I have more to say about Russell Westbrook. If you missed my column last week, do me a favor and check it out. Today, I want to talk about Russ’ far-reaching impact beyond his explosive on-court performances.
In the wake of West Virginia’s teacher strike, which concluded about a month and a half ago, protests for greater investment in education (in terms of funding for schools and teachers’ salaries) have spread rampantly among deeply conservative states. One such state is Oklahoma. Russ, as generous in his community as he is menacing on the court, is heavily involved in education. His organization, Russell’s Reading Rooms, promotes literacy and serves children from low-income neighborhoods by giving them access to books and a safe environment in which to read and discuss them with friends. He isn’t content to lay back with his non-political non-profit, though. About 10 days ago, Russ chimed in on the Oklahoma teacher’s strike with an explicit endorsement.
“Education is very, very important to me. The teachers are standing up for something that obviously they believe in — that’s helping the kids get a better education — obviously them getting paid more. More funding for the schools is very, very important. I’m definitely all in for that because I believe education is key for a lot of things going on in society.”
While he doesn’t get the same recognition as, say, LeBron on spotlighting social inequalities, Russ uses his platform for social good.
The reason I’m writing about Russ’ involvement is that his work is more than some community service from a good samaritan. The Thunder resides in one of the most conservative states in the country and has perhaps the most conservative owner, Clay Bennett, of the entire NBA. When Westbrook backs the public school teachers, he has no choice but to oppose the political stances of his fans and his “owner.” A while back, I wrote a column on the painful and oppressive power structure caused by white men owning teams comprised of black players. As we saw with Kaepernick and are seeing with his former teammate — and first joiner of the kneeling movement — Eric Reid, a political viewpoint that runs counter to those of owners is enough to prevent one from a job, no matter how talented the player is. Westbrook is risking his popularity and livelihood by taking a political stance.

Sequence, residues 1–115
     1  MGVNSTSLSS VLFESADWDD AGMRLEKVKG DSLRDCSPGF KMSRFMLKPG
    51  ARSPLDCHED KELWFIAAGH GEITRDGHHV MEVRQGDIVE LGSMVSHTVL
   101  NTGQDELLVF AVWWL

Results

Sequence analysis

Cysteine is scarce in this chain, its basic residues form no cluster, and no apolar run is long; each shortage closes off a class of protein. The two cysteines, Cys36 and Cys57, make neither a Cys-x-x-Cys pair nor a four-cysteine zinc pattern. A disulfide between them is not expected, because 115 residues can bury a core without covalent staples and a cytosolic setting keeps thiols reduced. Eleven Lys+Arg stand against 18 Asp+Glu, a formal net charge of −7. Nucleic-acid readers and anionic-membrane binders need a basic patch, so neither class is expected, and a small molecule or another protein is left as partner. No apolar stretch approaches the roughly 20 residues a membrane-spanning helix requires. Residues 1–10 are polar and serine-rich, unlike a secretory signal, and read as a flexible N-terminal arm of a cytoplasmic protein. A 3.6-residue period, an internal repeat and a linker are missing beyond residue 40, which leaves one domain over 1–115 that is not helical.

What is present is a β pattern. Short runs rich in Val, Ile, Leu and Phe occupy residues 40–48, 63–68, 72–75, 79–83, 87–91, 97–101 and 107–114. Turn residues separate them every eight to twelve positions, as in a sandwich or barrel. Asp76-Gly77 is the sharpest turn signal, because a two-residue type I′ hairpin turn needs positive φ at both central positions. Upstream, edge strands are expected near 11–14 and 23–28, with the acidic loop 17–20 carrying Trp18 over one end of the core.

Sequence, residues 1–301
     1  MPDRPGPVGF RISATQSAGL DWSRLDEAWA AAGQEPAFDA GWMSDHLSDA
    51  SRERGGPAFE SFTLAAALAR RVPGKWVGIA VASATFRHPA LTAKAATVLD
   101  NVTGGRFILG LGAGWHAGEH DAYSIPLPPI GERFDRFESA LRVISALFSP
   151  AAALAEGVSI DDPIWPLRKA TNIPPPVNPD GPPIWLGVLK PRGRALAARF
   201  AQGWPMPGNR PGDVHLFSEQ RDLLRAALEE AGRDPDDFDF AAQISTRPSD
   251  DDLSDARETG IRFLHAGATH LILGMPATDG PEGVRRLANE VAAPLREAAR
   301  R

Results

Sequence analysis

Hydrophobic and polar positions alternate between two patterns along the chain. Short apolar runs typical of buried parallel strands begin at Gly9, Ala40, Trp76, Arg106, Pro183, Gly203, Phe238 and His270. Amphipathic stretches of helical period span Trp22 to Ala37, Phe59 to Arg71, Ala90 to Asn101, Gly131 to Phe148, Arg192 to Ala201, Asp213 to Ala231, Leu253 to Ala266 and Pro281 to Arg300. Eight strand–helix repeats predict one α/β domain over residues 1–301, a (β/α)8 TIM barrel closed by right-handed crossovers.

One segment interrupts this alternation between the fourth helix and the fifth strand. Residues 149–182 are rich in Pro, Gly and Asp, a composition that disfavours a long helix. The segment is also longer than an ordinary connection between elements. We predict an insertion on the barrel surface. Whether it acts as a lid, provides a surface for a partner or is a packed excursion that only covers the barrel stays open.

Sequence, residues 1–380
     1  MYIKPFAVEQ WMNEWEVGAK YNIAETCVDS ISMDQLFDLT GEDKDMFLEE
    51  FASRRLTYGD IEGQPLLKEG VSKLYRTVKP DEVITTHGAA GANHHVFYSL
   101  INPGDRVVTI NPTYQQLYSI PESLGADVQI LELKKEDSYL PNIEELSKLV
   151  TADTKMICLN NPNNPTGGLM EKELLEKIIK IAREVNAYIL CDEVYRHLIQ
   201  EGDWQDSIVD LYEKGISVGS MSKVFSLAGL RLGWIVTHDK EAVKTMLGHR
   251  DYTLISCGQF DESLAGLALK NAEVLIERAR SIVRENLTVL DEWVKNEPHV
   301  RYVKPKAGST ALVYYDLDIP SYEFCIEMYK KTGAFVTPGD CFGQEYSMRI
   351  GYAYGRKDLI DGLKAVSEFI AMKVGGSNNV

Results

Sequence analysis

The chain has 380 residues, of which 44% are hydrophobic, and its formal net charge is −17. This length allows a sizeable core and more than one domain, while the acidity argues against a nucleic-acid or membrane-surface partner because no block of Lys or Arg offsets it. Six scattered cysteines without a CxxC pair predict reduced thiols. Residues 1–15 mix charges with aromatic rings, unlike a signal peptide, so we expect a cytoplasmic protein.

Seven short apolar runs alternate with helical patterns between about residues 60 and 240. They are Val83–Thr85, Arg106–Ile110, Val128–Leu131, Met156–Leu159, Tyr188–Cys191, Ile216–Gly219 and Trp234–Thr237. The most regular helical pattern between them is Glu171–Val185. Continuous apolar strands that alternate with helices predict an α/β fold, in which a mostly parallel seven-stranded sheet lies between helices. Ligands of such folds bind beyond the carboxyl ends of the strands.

His involvement in this specific issue, public school education, is telling. While public perception of NBA players’ backgrounds is flawed (for example, a player is more likely to make the NBA if they come from a wealthier background, a reality which runs counter to the “escape from the ghetto” narrative), many NBA players do come from low-income backgrounds and limited access to education. This lack of access to good education restricts the opportunities to advance socioeconomically without getting lucky with something like a career in entertainment (i.e. sports or music). Russ’ stance in favor of teachers is an alternate manifestation of the recurring players vs. owners dynamic. Except, in this instance, he doesn’t have anything to gain personally. All he can do is harm his image in the eyes of employers or fans. As I discussed in my previous column, Russ already receives more than his share of criticisms from the media. The last thing he needs is more baggage. Nevertheless, he takes the hard road to make a difference for others. That’s leadership. That’s what it means to be a true floor general.
Contact Jack Golub at golubj “at” stanford.edu